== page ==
Lanesville Jaycees’ finest hour
A very successful community-wide fund-raiser one year ago for a young Lanesville man battling terminal cancer has put the Lanesville Jaycees’ chapter in the national spotlight.
Friday night, the Jaycees were presented with the coveted Dr. Jerry Bruce Award, for the most outstanding project in the nation.
‘This is so overwhelming,’ said Suzie Tomes, who was chapter president last year when the Jaycees decided to hold a community-wide campaign to help Dan Wigginton, a 23-year-old cancer patient who was unable to work and had a small child.
‘We accept on behalf of Dan and Pam (Voelker) and all the women who helped and everyone in the community. We just wanted to make a difference,’ Tomes said Friday night. ‘We just wanted to help.’
The Lanesville club, in existence for 30 years, made a difference and helped by responding to a plea from Vickie Sizemore, Suzie Tomes’s aunt, to help raise money for Wigginton. His mother, Pam Voelker, was also present Friday night for the award presentation at the Lanesville Jaycees’ clubhouse by 2003 Indiana Jaycee President Alice Weber of Fort Branch.
The Lanesville Jaycees agreed to help Wigginton with his mounting medical expenses and doctor bills because their chapter goals include personal development and community service, and they have expertise in fund-raising and public relations, said Dr. Angie Orwick, a New Albany dentist and a chapter member since 1993. The Jaycees, about 34 members strong, knew they could help. They set a goal of $5,000.
Tomes, Voelker, Sizemore, Aprile Sapp, Leigh Ann Campbell, Mary Donahue and others started assembling more than 100 items for a silent auction. Letters, flyers and media releases went out.
On the night of the fund-raising dinner, silent auction and dance last March, the Jaycees already had $10,000 in the bank. The Jaycees Clubhouse at Jaycee Park was packed, ‘wall-to-wall people,’ said Kathy Daily. The crowd inside was so big, estimated at more than 600 in a town of 605, that people outside had little hope of getting inside.
Pam Voelker remembers the event vividly. She was told that at least 1,000 people were there at one time or another. ‘There were people everywhere,’ she said. ‘You couldn’t move. I only saw Dan a couple of times that night because it was so crowded. People wanted to see him and say something to him. You couldn’t finish a conversation with one person before two or three others wanted to talk to you. For one night, we were all together, wishing him luck.’
The silent auction alone raised $10,000. Dan’s mother outbid several others for the top item, a Keller Manufacturing Co. entertainment center, for $800. ‘I wasn’t going to let that get away,’ she said.
After the event, the Jaycees had raised $26,043.
The Wigginton project was such an astonishing success that the chapter officers decided later to enter it in the annual state Jaycee competition for community service projects. They enlisted the help of Steven Uhde, a Jaycee from Chandler, Ind., to prepare the official ‘book’ which describes the history of the project in detail. Uhde has judged national Jaycee contests for six years and chaired the Bruce Award judging in 2000.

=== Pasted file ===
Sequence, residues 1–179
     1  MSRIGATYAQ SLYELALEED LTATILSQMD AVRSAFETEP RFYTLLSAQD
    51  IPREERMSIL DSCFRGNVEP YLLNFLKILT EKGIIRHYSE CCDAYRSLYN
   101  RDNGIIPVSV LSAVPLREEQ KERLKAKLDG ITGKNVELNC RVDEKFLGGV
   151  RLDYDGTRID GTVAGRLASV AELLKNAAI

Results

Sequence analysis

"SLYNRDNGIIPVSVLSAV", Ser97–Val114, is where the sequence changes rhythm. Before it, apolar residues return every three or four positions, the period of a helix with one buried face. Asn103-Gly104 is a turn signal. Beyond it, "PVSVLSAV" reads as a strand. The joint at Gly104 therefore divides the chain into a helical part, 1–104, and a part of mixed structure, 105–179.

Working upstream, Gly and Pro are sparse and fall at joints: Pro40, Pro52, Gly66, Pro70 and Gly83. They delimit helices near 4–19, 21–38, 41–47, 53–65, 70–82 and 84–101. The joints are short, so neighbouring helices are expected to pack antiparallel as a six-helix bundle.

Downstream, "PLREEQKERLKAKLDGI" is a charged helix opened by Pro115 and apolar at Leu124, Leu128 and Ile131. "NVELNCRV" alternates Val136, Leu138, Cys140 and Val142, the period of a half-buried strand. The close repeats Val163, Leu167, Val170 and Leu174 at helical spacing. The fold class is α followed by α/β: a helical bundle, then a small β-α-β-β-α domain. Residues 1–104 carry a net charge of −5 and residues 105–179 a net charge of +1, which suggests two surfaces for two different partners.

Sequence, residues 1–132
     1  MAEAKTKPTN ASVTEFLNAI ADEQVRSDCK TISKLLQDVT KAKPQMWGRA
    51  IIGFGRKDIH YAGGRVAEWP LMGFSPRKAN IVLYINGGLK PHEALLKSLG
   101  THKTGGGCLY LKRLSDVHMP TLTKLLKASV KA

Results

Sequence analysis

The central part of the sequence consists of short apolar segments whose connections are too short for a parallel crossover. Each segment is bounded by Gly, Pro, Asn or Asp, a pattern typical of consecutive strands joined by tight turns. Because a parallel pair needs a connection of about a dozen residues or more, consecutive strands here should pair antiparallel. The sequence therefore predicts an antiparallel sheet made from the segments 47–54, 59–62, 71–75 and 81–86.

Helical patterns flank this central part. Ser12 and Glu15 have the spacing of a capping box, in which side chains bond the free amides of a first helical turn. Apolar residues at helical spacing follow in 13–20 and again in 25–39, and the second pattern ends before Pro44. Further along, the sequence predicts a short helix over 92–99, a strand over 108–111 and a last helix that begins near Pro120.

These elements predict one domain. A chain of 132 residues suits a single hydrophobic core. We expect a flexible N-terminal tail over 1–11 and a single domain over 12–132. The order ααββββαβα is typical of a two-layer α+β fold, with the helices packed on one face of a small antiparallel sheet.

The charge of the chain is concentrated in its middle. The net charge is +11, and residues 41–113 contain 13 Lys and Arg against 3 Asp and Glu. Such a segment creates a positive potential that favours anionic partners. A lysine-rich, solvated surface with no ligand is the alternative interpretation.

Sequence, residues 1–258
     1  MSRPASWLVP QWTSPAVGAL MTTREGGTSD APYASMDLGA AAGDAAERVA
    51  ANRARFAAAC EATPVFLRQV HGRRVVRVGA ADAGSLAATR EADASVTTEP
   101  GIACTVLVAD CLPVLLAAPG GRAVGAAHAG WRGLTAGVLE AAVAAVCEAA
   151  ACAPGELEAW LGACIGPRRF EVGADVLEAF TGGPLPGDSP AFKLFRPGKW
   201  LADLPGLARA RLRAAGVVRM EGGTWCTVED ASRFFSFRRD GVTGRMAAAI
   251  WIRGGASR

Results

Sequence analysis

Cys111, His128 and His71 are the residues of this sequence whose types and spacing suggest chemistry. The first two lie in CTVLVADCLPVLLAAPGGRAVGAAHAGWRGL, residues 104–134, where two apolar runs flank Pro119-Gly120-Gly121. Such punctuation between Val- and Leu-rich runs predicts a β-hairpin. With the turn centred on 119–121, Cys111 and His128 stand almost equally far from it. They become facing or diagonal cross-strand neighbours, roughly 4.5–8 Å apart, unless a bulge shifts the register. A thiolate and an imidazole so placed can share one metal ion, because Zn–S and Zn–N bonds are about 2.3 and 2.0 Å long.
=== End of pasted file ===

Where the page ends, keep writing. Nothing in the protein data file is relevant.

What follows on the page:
The Wigginton project was first entered in the national contest in the division for community service projects against other chapters in the smallest communities. Lanesville’s project won. ‘For most people, that would be a feat in itself,’ said Uhde.
Representing Indiana, the project was entered in the national contest for community service projects from all over the country ‘ competing against chapters in cities like Los Angeles, Long Beach, Omaha, Hartford, Conn., Greensboro, N.C.
Lanesville won again.
Then it was entered ‘ as a long shot ‘ in the contest for all five division winners. The prize is the Dr. Jerry Bruce award, named for an outstanding Jaycee from Idaho who was killed in an auto accident in 1962.
Uhde said the Bruce Award judging is excruciating. The deliberations are meticulous and can go on for 12 hours. One reason is because the judging must be unanimous, and judges get quite picky after several days of comparing highly successful projects.
Uhde said, during a break in the deliberations, one of the judges confided to him that it looked good for Lanesville, even though it was going up against a project from Houston, Texas, that involved 25,000 people. ‘That’s what made it all the more remarkable because they competed with communities that are much larger with greater resources,’ Uhde told the hushed crowd Friday night in Lanesville.
Uhde said he scolded the excited judge for letting the cat out of the bag: ‘You aren’t supposed to tell me that.’
The judge responded, ‘I had to tell someone!’
Lanesville was the national winner, and Uhde accepted the award on behalf of the Lanesville chapter two weeks ago at the national convention in Tulsa. Weber presented the gleaming silver bowl trophy to Tomes and Voelker Friday night.
‘The Lanesville Jaycees had poured their hearts and souls into this project. It showed from Day One,’ Uhde said.
The sad part of the story is that Dan Wigginton lost his battle with cancer. He was 24 when he died on Dec. 11, 2003.
Voelker lost another son, Nathan, who died in an auto accident in Lanesville in 1994 at age 17.
Voelker said Monday, ‘This is just overwhelming for us. This will always stay in our hearts. The people came to help Dan, a young man in the community, and they gave Dan great peace of mind. A good, substantial amount of money has been put into a trust fund for Peyton.’
Peyton is Wigginton’s son, almost 3, who lives with Voelker.